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Topic: Speed of EEPROM.read() (Read 3356 times) previous topic - next topic

fkatzenb

All;
I am trying to reduce the amount of memory being used on my project.  Currently in setup(), I load about 18 bytes of data (2 8 byte size arrays and 2 single byte size constants) from EEPROM into two constant arrays and 2 constants that are 'global' variables to be used throughout the software.

The question is, "is EEPROM.read() as fast as calling the variables above?  If so, what are the draw backs?  

Thanks,
Frank

mem

It won't be as fast as reading the variable from RAM.  What is it in your sketch that is using up all the available RAM?

fkatzenb

Well I can post it tonight, but I am assuming it was using it up because it started getting hoky.  As I commented unessecary functions (unessecary at this time), and things returned to normal.

This is my first time programming something of this nature.  While I think I am doing a good job, I am not aware of tricks of the trade.  I am reading some of the site to try and ensure I don't have wasteful variables, etc.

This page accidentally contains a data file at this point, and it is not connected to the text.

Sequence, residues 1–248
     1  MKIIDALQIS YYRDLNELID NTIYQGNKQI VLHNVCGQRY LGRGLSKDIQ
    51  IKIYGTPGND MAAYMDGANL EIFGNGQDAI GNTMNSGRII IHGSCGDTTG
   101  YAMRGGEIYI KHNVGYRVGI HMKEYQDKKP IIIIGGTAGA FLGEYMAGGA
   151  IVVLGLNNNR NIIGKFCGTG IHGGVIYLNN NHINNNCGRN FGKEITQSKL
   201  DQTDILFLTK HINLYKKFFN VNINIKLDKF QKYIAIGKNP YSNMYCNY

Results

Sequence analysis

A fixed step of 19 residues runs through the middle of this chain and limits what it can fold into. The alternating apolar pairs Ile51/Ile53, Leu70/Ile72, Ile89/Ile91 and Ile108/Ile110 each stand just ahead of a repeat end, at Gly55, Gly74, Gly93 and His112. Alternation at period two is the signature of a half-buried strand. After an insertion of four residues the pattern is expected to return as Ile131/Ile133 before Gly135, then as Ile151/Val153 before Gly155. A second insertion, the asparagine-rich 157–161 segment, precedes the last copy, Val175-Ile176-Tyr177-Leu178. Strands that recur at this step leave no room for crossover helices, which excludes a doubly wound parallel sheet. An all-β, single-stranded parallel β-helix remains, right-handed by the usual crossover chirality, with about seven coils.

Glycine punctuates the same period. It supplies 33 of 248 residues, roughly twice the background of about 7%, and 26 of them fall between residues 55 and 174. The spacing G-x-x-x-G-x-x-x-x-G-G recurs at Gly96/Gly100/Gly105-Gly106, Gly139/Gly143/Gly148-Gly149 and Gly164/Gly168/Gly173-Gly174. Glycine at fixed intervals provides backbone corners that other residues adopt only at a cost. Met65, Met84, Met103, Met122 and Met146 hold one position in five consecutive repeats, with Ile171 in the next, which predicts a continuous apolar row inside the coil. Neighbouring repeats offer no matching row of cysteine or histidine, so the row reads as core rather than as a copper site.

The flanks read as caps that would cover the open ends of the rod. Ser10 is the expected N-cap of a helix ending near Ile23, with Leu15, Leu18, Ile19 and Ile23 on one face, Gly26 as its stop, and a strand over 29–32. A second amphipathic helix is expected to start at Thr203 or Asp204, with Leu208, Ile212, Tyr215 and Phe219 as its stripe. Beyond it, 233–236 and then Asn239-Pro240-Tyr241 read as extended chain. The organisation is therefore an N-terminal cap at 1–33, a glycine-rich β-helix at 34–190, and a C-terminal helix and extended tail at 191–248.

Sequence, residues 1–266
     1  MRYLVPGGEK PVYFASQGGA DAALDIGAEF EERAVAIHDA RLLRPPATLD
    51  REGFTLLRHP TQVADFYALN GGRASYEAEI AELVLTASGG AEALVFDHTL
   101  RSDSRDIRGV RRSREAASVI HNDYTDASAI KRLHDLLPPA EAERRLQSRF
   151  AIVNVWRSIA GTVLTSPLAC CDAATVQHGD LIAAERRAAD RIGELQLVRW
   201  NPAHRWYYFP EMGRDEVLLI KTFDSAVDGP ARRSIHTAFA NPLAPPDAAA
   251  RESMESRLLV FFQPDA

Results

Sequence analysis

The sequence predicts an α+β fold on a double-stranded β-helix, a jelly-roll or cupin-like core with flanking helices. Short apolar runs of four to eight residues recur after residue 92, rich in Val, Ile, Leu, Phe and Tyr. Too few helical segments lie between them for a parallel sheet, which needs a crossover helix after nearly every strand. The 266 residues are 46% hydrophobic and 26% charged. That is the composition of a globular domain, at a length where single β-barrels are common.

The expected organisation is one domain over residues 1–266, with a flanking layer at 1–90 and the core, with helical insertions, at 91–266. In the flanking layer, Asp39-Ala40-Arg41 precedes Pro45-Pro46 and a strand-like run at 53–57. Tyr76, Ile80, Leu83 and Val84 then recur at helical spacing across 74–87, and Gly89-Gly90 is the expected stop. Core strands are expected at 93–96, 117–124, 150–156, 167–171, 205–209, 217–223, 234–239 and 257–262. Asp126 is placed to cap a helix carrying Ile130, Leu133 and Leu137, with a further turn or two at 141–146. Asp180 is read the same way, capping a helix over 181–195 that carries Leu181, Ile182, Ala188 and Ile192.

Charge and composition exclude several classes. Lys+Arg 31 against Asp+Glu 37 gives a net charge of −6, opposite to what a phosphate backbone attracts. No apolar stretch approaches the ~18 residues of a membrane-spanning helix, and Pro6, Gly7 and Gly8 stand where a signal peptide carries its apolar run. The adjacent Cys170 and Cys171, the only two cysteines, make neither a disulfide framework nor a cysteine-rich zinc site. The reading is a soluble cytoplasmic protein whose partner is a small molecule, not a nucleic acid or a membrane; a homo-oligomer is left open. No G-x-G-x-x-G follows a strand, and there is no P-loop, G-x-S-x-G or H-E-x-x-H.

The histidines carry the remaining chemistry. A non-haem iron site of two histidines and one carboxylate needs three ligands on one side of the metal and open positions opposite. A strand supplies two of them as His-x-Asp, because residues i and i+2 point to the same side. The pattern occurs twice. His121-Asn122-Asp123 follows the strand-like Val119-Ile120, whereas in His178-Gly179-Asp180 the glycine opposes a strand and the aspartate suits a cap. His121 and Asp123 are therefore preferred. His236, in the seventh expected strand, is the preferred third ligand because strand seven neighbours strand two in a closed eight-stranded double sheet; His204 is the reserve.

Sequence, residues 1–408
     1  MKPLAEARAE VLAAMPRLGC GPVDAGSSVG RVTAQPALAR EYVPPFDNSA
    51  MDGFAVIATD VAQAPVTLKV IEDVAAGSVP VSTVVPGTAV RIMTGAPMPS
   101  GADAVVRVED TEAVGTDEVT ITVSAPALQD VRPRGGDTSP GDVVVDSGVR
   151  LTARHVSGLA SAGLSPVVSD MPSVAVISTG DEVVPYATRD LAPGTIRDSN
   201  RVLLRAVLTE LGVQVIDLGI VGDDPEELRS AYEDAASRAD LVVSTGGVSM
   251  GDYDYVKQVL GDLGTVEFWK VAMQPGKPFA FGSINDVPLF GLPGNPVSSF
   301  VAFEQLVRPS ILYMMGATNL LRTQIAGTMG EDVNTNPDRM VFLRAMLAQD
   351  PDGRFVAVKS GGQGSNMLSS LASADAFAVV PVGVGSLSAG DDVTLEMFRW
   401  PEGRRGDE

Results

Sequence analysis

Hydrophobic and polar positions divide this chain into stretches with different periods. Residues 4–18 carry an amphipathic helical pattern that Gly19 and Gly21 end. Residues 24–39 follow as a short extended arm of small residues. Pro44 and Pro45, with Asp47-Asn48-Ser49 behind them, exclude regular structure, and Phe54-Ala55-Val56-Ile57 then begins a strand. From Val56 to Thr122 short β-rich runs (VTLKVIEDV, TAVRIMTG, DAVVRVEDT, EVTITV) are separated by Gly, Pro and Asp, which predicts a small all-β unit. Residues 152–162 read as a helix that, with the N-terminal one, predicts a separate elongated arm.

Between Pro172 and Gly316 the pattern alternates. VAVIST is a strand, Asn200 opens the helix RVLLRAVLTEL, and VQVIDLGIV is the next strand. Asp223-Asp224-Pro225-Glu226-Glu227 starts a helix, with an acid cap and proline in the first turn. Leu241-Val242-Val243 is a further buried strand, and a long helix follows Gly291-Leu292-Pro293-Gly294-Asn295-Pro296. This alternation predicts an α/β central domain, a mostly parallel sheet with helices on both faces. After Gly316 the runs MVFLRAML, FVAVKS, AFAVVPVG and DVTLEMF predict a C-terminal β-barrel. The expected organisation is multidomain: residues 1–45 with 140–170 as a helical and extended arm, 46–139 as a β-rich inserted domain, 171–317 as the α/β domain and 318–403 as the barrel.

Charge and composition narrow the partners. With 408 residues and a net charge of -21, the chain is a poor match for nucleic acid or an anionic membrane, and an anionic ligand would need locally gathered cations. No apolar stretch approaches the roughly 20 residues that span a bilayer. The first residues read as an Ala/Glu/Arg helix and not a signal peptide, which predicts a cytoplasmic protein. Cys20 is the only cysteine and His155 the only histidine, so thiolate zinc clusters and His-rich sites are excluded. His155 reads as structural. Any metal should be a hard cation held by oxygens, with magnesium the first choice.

mem


One of the first things to check is strings used for sending text over the serial port. You can save a lot of memory by putting these strings in program memory (progmem). There were some examples posted in a recent thread that you may want to search out and have a read. Note that progmem only works with variables that are defined and initialized at compile time and never change.  progmem is also explained in an article in the playground.

Another thing that can consume lots of RAM are big arrays. Sometimes you can get big reductions by using arrays of bytes instead of ints.

fkatzenb

Thanks mem.  You are a huge help.  One of the things that is hard moving from computer programming (C++, PHP, etc) is that it can be hard to think and compute with variables that are BYTE and you only need to display the data with LSBs when you push it over the serial port or display.

What I did last night was go back to basic operations, removing alot of 'features' and slim it down ensuring I am working with BYTEs when needed.  

I will check out the progmem stuff.  I have alot of stuff that is being printed over the serial port as a way to program some of the constants for computations.  So I am kind of string heavy.

Thanks!
Frank

mem

Hi Frank,

Sounds like there is a good chance that progmem could solve your memory problems

Good Luck

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